Major Mining Sites of Wallonia, Belgium
The coal basin in Wallonia is emblematic of the industrial revolution that changed the shape of Europe during the 19th and 20th centuries. And though the mines show the innovations in technology that occurred during this period, they also demonstrate the philosophical changes to better the lives of workers and their families.
Just metres from the entrance to the coal mines, small towns were built for the workers and their families. These communities created a harmonious social atmosphere above ground. Meanwhile, under the surface, the miners worked in dark and dangerous conditions. One particularly tragic example of these conditions occurred in 1956, when a fire broke out and killed 262 workers in Bois du Cazier. However, the era also brought changes for workers, and their rights vastly improved over this period.
The four sites each offer unique experiences to learn about the region's industrial heritage. Grand-Hornu presents an example of a colliery with a neo-classical architecture. Bois-du-Luc has well-preserved above-ground buildings and provides a good understanding of the mining paternalism. Bois du Cazier uses its original structures to house several museums about the region. And at Blegny-Mine, guests take “the cage” down almost 200 feet (60 m) to see the extraction process and the workers’conditions.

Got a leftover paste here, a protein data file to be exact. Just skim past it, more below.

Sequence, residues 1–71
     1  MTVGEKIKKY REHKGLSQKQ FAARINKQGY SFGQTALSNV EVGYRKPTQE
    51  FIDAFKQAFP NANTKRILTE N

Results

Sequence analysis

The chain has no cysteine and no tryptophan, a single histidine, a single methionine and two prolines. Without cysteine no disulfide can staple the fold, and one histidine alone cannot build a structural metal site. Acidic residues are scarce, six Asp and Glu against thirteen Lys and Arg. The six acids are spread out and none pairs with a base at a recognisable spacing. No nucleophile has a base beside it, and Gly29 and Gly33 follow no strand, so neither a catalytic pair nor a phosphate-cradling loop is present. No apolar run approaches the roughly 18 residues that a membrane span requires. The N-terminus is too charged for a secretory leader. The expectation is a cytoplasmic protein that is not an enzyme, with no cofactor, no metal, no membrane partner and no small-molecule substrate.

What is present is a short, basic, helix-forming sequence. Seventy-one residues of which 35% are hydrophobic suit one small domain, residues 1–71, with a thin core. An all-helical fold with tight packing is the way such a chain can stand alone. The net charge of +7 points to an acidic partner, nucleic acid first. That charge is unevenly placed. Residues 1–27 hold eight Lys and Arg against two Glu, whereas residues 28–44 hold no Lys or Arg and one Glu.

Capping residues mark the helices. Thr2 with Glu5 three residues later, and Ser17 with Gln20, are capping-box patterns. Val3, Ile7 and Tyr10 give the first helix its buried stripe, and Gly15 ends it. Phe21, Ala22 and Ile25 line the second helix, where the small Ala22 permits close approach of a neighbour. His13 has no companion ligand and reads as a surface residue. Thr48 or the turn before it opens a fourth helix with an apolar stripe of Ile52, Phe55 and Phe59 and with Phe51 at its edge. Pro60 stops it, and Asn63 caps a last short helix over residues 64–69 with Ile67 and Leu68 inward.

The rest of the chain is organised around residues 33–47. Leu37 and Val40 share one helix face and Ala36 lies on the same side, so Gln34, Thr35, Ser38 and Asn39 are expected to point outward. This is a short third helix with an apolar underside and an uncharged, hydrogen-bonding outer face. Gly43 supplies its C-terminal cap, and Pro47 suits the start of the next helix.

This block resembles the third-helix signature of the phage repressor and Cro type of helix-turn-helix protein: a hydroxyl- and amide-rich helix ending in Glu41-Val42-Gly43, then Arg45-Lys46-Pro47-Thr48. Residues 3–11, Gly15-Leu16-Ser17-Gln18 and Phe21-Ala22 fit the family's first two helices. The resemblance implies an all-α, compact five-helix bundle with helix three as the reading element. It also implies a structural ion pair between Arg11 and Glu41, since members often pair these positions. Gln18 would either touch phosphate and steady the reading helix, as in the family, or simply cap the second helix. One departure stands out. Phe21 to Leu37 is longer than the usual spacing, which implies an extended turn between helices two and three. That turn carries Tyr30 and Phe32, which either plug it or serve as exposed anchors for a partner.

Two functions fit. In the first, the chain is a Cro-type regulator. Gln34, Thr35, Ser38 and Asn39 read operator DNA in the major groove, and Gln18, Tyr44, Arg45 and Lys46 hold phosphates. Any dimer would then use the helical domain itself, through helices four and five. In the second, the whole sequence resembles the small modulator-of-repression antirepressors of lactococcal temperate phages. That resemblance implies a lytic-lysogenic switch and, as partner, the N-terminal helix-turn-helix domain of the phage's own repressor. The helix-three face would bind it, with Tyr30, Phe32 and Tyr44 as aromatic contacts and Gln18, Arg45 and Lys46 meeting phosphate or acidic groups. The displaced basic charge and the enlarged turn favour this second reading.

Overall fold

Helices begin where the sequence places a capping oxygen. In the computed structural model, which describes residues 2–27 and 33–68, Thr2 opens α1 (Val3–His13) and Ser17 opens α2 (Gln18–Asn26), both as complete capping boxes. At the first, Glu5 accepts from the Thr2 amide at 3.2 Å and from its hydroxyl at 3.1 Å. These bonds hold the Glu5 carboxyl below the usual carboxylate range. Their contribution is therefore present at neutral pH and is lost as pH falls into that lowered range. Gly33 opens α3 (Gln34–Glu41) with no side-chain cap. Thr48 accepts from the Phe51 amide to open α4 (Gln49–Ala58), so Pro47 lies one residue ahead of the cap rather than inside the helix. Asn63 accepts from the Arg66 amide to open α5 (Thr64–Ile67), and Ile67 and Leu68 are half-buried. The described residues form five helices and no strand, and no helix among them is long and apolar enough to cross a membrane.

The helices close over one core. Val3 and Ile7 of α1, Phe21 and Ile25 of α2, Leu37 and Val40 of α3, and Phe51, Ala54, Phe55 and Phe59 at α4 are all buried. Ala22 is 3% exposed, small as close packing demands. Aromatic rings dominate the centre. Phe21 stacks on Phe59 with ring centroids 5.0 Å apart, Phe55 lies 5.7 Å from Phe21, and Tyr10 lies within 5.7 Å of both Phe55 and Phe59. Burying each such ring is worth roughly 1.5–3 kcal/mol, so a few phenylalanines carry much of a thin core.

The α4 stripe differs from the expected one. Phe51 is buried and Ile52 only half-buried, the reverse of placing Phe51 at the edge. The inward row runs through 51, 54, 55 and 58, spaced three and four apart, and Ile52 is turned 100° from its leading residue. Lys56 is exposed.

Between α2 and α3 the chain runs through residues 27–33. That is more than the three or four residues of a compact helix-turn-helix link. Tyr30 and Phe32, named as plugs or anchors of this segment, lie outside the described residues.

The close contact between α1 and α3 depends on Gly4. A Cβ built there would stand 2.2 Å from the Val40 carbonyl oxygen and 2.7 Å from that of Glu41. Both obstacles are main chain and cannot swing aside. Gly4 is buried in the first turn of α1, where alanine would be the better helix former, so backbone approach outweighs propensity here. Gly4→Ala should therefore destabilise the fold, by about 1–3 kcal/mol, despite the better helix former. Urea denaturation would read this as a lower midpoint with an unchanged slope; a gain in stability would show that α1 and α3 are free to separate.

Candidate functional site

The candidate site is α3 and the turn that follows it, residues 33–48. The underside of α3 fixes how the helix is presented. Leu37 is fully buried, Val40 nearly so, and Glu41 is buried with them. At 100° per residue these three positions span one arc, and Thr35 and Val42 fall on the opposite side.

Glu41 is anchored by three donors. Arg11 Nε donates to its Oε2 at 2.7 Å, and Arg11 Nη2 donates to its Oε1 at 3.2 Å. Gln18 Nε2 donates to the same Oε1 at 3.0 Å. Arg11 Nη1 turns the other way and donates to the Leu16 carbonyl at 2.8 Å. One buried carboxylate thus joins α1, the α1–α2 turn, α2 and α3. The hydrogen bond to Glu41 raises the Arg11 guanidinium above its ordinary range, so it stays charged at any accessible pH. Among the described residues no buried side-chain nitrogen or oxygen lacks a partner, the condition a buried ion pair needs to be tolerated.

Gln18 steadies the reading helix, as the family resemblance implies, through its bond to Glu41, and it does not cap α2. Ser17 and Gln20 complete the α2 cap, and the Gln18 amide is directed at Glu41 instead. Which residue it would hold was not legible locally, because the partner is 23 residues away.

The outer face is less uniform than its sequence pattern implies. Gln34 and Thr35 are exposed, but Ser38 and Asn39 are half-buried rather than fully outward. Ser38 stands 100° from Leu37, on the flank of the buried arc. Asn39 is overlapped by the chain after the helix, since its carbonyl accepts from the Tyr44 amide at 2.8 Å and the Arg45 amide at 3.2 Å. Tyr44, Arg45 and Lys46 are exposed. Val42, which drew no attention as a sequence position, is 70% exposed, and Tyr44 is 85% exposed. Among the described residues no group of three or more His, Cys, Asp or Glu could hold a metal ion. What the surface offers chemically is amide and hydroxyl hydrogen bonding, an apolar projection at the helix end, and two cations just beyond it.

The Past through a Unique Lens
The below and above ground components of each mining sites bring the coal mining industry to life. You can travel underground for an in-depth view of the mines. The modern museum at Le Bois du Cazier explains in clear detail every aspect of existence here. Here you'll find a unique and fascinating perspective of this world from the 19th and 20th centuries.
What you'll ultimately discover is that the mines were built with a unique combination of cutting-edge technology and a melting pot of workers from all Europe. More importantly, you'll understand more fully how the Walloon coal mines became one of the first milestones to pave the way to change in European mine construction—making it more conscious of mixing workers from across the continent, for spreading technical knowledge, and for making safety a top priority.